Date: 2012-08-25 03:41 pm (UTC)
pozorvlak: (Default)
From: [personal profile] pozorvlak
I routinely ended up with sets of changes that I knew did not conflict, but could not be merged or rebased or even cherry-picked from my branch into the release branch.

That's very surprising to me - the situation you describe sounds like what rebase is meant for! Could you please explain in a little more detail?

there are actually four distinct states

Well, kinda. For your stages 3 and 4, it's more accurate to say that a commit may or may not be present in a given repo. Pushing takes commits from your working repo and sends them to the upstream repo; they may then be pulled into other repos. So the number of "states" is more like 2 + 2^n (working copy, index, subsets of the number of repos in play). But I don't think that that's a useful way of thinking of it.

I found it a lot easier to not try to make sense of it and do my best to just accept it.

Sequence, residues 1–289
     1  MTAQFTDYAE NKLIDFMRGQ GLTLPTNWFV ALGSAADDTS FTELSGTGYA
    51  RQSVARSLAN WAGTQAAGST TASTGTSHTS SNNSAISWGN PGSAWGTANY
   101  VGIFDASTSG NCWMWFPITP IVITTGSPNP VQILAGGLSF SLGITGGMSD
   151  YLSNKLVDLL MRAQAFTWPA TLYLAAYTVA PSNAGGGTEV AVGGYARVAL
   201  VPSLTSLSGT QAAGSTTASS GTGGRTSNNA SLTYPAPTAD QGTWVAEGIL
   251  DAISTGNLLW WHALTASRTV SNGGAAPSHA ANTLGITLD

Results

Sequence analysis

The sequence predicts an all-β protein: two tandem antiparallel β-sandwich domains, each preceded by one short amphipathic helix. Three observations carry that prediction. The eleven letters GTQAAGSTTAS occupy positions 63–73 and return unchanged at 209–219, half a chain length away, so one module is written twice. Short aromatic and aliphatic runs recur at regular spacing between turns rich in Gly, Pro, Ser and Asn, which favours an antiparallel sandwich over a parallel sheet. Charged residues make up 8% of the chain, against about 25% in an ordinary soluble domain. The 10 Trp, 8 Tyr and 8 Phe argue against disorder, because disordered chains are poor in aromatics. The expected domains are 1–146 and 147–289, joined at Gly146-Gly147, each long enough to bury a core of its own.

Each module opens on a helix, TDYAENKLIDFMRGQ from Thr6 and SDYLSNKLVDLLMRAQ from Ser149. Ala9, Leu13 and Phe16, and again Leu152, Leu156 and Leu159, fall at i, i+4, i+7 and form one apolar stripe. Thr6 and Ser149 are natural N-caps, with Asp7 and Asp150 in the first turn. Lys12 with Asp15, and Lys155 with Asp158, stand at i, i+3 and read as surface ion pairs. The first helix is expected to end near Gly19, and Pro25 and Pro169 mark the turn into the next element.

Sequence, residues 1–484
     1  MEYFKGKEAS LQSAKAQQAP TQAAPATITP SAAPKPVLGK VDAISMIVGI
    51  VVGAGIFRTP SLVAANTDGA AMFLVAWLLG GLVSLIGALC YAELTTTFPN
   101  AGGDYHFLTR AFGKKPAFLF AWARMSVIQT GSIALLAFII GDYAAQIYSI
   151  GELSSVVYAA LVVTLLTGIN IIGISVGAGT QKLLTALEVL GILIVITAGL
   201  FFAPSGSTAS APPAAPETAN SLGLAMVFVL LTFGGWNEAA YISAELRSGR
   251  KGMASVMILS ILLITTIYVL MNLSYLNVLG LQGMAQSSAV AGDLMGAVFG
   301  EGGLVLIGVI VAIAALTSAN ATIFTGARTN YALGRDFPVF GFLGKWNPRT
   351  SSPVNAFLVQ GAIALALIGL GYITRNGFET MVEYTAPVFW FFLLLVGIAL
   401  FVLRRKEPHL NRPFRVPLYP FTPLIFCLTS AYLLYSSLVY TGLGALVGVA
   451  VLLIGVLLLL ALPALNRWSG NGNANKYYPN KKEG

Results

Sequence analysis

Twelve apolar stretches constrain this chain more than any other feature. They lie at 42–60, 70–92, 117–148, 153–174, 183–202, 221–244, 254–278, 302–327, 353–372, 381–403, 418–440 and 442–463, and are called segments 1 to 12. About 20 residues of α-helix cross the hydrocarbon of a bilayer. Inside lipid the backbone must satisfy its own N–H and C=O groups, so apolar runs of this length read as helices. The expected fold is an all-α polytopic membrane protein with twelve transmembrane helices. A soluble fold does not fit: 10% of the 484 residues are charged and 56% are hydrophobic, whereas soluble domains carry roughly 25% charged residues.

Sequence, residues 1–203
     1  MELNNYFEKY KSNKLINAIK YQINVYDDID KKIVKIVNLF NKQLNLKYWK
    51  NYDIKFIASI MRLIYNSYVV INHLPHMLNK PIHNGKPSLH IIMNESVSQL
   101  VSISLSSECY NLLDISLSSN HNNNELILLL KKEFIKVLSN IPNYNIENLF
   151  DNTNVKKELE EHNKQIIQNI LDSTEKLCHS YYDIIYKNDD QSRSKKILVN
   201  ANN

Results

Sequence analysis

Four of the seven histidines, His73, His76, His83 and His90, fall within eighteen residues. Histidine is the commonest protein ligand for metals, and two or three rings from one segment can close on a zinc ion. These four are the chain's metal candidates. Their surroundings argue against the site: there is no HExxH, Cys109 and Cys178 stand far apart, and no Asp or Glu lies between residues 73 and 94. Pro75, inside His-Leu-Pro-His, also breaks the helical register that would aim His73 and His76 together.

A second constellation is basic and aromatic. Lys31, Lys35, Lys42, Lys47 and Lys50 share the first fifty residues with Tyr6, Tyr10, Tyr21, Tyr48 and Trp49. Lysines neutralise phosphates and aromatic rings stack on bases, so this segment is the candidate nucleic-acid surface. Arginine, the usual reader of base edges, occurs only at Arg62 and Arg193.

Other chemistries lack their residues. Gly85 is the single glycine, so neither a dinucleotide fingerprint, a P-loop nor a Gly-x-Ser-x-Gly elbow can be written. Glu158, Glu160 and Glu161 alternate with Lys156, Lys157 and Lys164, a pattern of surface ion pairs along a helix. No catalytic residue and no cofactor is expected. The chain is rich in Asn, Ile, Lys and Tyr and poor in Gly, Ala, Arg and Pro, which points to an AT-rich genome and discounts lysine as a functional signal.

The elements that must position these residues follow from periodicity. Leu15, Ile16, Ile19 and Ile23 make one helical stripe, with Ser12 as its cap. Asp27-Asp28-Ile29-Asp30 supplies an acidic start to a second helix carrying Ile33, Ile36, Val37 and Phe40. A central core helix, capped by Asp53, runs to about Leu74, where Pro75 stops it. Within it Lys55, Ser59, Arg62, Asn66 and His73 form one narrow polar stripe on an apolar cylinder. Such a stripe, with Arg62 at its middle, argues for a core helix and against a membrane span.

I think the overall message of your story is the opposite - you caused yourself a lot of pain by resisting learning about how Git works and trying to use it as if it were SVN. I'd encourage anyone reading this to understand Git's (beautifully simple and elegant) model. Then everything makes sense, even the command names! Branch management, for instance, is easy once you realise that branches are just named autoincrementing pointers into the history DAG. I found mjd's git talk very useful; Git from the Bottom Up is also good.

Many of my common use cases were tedious (e.g., commit all my modified files)

You probably know this, but you want git commit -a. I have this aliased to gca in my shell.
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